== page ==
How Trader Joe's Bell Ringing Tradition Was Started

As you wait in the checkout line at Trader Joe's, you'll probably have some time to admire the contents of your cart — like bags of zesty Mandarin Orange Chicken and fan favorite, the spinach artichoke dip – but not too much time. Your ears perk up to the ringing of a bell and suddenly the line begins moving. Before long, a friendly cashier (called a crew member, to fit with the maritime theme) is checking you out, and you're on your way.

Every Trader Joe's cashier station is equipped with a golden bell near the exit, but what exactly does clanging it signify? As it turns out, the bell originated as a way for crew members to signal to one another and make your shopping trip a bit smoother. Knowing the secret code behind these bell rings adds to the fun of your shopping experience and will make you feel like part of the insider crew the next time you hear them chime.

The bell origin story

Legend has it that the bell-ringing tradition dates back to 1975 when one Trader Joe's crew member playfully signaled to their coworker using a bell. While it's difficult to pin down how this practice evolved from a fun crew member moment into a company policy, it's easy to see why it stuck. This quirky practice embodies the chain's ethos — creating a welcoming, folksy neighborhood grocery store vibe with a bit of kitsch thrown in. From rejecting self-checkout stations and swearing off online orders in favor of ultra-friendly employee interactions, the Trader Joe's brand is all about questioning the status quo.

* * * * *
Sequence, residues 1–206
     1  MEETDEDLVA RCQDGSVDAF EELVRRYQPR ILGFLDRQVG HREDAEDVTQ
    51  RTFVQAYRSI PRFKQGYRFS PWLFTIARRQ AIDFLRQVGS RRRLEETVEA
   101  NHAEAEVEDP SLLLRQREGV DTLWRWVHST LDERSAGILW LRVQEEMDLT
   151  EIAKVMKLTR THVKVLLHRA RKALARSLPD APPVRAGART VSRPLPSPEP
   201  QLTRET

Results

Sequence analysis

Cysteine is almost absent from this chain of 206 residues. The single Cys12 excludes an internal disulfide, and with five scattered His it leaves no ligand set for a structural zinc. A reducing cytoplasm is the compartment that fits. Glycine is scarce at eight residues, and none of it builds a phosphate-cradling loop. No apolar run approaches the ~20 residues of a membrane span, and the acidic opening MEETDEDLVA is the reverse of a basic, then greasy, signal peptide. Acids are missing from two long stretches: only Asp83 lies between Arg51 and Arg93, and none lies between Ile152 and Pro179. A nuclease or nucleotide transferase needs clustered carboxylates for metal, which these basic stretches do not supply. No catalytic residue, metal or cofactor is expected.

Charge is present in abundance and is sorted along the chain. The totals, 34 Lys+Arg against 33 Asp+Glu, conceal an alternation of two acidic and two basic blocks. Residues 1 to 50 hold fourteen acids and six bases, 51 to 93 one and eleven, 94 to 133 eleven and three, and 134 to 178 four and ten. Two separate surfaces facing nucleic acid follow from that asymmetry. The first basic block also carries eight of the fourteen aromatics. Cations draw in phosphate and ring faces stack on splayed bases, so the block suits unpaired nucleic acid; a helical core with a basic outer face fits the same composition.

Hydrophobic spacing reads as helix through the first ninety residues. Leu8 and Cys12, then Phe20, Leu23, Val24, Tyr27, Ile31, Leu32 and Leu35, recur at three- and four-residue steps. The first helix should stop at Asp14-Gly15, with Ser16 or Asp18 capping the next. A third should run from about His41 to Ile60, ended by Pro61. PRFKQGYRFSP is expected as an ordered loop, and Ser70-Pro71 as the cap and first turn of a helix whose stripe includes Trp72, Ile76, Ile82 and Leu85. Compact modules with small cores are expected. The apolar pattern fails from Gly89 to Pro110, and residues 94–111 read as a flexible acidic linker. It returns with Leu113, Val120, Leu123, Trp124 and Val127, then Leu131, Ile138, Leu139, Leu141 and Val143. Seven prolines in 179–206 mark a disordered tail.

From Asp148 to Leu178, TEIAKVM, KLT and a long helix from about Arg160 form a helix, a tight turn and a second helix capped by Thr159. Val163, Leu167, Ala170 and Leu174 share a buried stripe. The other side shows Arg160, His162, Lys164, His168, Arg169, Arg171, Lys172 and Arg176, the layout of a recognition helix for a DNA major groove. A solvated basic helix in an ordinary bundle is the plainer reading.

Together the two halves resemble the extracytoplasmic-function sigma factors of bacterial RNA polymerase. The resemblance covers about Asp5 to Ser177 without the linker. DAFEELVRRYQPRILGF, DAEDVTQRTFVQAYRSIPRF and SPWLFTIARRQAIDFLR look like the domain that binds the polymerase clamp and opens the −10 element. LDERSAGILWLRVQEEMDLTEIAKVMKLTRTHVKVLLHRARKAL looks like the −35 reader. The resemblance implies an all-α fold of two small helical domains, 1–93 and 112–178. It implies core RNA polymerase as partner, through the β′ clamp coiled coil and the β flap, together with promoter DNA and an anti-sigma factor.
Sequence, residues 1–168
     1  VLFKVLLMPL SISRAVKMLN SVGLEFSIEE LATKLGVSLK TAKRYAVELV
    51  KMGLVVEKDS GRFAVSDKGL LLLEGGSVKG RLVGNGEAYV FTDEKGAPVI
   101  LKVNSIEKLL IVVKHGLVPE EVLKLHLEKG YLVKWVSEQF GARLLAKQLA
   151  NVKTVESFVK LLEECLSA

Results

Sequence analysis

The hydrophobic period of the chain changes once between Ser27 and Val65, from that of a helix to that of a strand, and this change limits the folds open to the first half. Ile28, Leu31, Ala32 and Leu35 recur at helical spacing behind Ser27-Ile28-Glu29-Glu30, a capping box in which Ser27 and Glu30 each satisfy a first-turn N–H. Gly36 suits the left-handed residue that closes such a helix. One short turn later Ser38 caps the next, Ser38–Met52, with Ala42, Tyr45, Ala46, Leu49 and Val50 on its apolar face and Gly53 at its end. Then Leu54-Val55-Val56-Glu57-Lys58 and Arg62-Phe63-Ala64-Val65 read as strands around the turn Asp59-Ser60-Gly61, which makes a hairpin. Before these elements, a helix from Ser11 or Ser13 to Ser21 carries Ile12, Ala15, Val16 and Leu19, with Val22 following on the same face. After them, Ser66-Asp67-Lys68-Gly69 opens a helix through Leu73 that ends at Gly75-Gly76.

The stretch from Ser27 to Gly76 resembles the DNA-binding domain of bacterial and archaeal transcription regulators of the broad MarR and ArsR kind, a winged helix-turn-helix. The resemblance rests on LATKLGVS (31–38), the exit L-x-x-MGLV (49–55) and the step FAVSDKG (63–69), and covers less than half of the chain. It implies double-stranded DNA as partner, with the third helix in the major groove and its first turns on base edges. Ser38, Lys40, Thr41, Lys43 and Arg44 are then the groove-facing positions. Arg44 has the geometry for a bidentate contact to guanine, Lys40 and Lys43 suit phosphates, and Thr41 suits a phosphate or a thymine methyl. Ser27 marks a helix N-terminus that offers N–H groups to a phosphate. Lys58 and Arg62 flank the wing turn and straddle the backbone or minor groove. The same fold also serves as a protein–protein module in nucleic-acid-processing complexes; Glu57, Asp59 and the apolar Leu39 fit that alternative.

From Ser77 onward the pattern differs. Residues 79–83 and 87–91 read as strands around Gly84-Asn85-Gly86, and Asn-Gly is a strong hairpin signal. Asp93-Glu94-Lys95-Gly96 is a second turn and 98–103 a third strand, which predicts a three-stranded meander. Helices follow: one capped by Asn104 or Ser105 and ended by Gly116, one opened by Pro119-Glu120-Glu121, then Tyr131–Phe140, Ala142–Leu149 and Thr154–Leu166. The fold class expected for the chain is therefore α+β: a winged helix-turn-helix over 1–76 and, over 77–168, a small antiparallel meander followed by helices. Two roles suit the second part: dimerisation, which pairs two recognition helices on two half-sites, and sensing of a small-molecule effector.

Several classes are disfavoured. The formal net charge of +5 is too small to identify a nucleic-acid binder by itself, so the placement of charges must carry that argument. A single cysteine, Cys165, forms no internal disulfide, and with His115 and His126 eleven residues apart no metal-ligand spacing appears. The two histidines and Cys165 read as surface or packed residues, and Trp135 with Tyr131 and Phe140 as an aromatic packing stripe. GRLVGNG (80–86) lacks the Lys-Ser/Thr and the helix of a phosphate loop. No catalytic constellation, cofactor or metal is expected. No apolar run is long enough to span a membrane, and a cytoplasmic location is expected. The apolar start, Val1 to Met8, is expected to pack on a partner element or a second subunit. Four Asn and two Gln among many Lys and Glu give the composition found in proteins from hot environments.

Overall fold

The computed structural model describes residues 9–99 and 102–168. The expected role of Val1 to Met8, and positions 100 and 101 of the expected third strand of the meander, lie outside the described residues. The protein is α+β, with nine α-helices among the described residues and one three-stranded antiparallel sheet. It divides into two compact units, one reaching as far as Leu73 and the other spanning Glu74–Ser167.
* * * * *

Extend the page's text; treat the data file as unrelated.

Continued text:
To top things off, the bell tradition adds to the store's nautical theme. Historically, ships carrying merchants and navies have used bells to send signals, such as warning other ships about dangerous conditions, keeping time, and announcing the arrival of an officer. In keeping with the theme, Trader Joe's refers to crew members and captains (aka managers) as "traders on the culinary seas," and ensures that they all are decked out in bold Hawaiian shirts or colorful t-shirts to liven up the place.

Trader Joe's notes that noisy PA systems didn't quite suit its stores, so the bell system was put in place as a more straightforward, playful, and team-oriented option. Instead of individual names being called over an intercom, crew members are encouraged to respond as a team and go where they are needed most.

Cracking the bell code

Trader Joe's notes its bell system is like the store's own special version of Morse code. A single ding from a cashier means that more cashiers are needed at checkout, which is common to hear during busy shopping times when lines are long. Two dings mean that a cashier needs assistance from another crew member, like when an item needs to be quickly grabbed for a customer. Three dings is a call for a captain's assistance, which can happen in trickier scenarios like when a credit card isn't processing properly.

Although the Trader Joe's website doesn't list it, an unofficial fourth ring has been reported by employees and is reserved for an all-hands-on-deck situation where every crew member is needed at the registers. It's a rudimentary system, but an effective one. So the next time you're shopping at Trader Joe's, listen closely for the bell code and smile, knowing that you're in on the secret.

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